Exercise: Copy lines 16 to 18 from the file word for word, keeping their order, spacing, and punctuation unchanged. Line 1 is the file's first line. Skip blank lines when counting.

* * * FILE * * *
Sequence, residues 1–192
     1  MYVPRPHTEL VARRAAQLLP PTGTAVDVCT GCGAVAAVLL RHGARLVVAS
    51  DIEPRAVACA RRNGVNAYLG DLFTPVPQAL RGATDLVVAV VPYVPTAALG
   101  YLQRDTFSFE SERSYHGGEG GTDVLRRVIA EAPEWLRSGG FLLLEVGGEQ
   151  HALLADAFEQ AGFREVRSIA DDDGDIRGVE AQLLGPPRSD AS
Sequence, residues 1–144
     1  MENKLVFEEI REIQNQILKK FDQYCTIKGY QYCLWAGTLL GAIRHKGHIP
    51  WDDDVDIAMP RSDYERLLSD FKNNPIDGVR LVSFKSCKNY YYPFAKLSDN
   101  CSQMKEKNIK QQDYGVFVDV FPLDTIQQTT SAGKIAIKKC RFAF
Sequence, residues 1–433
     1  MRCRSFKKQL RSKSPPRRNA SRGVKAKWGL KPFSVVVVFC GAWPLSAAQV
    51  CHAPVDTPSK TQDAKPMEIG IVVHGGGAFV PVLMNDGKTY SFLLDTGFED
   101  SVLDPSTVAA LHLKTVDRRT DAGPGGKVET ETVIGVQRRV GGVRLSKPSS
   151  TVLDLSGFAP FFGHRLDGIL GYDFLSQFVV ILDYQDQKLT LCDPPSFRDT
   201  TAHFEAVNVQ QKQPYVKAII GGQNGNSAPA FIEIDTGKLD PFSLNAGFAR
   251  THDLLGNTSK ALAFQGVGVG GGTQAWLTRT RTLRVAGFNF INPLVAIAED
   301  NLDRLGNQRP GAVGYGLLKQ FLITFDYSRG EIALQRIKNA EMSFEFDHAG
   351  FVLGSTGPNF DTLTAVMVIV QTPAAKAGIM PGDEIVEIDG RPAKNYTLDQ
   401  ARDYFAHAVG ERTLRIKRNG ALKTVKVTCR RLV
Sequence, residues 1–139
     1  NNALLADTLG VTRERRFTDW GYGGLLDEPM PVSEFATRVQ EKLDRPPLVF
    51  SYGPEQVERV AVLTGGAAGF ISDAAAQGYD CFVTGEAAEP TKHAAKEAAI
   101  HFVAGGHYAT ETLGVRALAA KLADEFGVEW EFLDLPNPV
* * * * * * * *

   251  THDLLGNTSK ALAFQGVGVG GGTQAWLTRT RTLRVAGFNF INPLVAIAED
   301  NLDRLGNQRP GAVGYGLLKQ FLITFDYSRG EIALQRIKNA EMSFEFDHAG
   351  FVLGSTGPNF DTLTAVMVIV QTPAAKAGIM PGDEIVEIDG RPAKNYTLDQ